Let's get the obvious things about KILLING GIRL #1 out the way first. Yes, artist Frank Espinosa is a very stylish artist, especially when he handles the coloring as well as the brushwork, as he does here; the art here is easily the best thing about the book, to the point where I wonder whether Espinosa's absence from the series in the last Image solicits (Toby Cypress is listed as artist, instead. Having seen Cypress's art in The Tourist awhile back, it may actually be an improvement, but I digress) will hurt the series' chances with the audience in the long run.
Espinosa may be too stylized for his own good, especially on this book - his retro '50s sense of line and color is not only at odds with the subject matter. It's too attractive, for want of a better way of putting it - it's not that there's an interesting cognitive dissonance (Hi Johanna!) between the two, but that they just plain don't work together - and also, at times, hard to read what's happening successfully. It's frustrating to read, because you know that Espinosa's a talented artist; he simply needs an editor to tell him to take another pass at a page every now and then for his stuff to be completely drop-dead wonderful.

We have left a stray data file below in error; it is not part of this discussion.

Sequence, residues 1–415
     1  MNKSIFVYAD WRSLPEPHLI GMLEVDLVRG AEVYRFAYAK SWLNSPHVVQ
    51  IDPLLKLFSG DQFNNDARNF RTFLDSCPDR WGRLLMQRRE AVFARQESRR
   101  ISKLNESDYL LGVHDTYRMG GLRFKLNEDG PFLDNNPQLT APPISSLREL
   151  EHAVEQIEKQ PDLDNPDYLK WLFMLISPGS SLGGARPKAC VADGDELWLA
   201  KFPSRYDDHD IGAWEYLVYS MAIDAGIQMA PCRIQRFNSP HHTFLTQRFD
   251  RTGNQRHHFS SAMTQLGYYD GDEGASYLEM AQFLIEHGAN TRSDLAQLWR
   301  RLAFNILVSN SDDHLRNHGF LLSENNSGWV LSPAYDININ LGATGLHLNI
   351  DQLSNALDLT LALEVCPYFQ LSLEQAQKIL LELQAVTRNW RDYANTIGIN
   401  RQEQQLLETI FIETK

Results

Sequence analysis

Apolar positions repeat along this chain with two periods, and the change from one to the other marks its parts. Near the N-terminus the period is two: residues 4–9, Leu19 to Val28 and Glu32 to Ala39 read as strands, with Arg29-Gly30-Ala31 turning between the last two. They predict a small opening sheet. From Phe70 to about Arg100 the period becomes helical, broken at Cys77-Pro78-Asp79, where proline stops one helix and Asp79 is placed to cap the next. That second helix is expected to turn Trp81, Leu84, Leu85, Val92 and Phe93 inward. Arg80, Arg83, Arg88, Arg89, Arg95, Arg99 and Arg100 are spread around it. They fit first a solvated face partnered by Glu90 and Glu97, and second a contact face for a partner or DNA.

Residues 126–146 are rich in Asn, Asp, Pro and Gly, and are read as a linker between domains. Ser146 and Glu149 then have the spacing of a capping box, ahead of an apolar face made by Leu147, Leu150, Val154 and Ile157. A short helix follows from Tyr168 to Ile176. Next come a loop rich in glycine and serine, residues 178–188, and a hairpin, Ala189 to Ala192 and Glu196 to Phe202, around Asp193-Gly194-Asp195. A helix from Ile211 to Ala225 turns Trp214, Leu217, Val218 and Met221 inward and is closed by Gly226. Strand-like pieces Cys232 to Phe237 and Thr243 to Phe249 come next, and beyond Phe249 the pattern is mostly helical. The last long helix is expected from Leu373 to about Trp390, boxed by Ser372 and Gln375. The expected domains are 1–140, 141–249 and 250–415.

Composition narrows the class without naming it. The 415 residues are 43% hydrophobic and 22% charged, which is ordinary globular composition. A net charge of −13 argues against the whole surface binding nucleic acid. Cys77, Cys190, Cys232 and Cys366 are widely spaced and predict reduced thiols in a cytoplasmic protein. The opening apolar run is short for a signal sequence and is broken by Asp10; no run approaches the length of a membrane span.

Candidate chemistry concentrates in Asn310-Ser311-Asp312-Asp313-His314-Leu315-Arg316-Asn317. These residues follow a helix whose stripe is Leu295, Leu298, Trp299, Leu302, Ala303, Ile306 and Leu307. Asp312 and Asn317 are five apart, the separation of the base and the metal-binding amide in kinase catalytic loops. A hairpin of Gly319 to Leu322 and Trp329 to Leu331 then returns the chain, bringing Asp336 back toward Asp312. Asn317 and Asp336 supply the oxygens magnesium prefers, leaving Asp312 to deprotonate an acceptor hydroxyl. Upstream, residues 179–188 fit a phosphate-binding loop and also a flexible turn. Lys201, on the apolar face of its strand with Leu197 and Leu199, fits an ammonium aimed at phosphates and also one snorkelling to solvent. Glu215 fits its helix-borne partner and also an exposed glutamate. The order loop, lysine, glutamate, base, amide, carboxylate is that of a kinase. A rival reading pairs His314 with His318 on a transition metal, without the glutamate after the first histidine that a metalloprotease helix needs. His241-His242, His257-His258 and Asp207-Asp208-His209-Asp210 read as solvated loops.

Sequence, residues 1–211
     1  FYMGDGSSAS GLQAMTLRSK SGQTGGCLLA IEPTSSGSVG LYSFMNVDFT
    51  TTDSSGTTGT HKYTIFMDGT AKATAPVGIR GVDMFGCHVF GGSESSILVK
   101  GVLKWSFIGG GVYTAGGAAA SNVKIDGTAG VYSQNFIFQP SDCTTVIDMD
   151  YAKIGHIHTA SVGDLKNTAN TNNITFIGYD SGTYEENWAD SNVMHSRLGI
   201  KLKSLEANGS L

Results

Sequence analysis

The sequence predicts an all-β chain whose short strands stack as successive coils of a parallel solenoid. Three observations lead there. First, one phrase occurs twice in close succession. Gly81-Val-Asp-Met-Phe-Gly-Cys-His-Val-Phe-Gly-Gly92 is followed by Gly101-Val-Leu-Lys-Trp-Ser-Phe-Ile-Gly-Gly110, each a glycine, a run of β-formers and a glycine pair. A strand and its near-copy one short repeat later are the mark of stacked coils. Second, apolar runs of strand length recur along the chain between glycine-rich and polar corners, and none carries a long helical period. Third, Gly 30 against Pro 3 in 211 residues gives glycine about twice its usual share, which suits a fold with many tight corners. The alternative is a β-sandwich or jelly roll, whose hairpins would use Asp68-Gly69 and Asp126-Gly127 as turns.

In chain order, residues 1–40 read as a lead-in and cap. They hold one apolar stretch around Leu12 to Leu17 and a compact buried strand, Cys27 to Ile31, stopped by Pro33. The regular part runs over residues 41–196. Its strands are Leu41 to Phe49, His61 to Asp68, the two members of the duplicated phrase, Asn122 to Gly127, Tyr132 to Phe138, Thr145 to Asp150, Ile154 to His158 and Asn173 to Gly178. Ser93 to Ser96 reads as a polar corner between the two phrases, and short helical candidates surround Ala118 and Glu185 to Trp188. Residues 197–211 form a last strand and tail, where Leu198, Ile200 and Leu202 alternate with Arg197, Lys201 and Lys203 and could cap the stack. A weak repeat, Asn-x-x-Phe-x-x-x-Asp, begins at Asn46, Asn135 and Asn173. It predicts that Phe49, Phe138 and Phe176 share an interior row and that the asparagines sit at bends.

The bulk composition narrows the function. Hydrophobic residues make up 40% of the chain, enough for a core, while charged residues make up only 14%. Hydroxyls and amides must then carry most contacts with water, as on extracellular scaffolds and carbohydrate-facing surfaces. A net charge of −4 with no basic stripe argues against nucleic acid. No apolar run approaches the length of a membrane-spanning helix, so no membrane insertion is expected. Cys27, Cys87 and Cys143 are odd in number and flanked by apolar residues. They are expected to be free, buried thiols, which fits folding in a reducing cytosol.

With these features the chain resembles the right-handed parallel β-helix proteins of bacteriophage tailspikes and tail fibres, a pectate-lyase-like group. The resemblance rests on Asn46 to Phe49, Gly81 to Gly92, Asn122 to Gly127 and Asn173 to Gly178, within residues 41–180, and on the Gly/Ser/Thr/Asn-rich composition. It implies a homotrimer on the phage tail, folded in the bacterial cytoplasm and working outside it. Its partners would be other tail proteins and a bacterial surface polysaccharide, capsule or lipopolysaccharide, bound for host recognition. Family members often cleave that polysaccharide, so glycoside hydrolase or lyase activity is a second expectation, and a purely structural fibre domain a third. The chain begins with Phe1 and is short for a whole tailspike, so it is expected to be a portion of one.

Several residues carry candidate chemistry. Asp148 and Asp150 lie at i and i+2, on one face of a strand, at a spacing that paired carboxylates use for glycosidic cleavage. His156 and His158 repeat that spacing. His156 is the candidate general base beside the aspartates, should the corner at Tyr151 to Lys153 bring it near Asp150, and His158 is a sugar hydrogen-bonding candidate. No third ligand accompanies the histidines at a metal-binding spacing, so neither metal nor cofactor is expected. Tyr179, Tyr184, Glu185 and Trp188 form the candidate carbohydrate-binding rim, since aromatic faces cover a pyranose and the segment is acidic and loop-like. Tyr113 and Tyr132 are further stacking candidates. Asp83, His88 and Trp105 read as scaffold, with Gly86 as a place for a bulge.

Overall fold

The story, meanwhile, doesn't live up the art, no matter how flawed the art may be. Sad to say, there's nothing in the writing that you've not seen before, and done more successfully, at that; the dialogue is cliched, the plot relies on coincidence too much (The boyfriend of the assassin's long lost sister just happens to run into her at a stoplight? Really?), and the whole thing is slathered in narration that makes you feel as if the lead character has only ever read shitty airport spy novels in her entire life. Which is to say, it's not a very good story, sadly.
The end result is a book that pairs the most generic of writing with art that could do with being a little bit more generic, which is as unsatisfactorily Eh as it sounds. An oddity, but not necessarily an interesting one.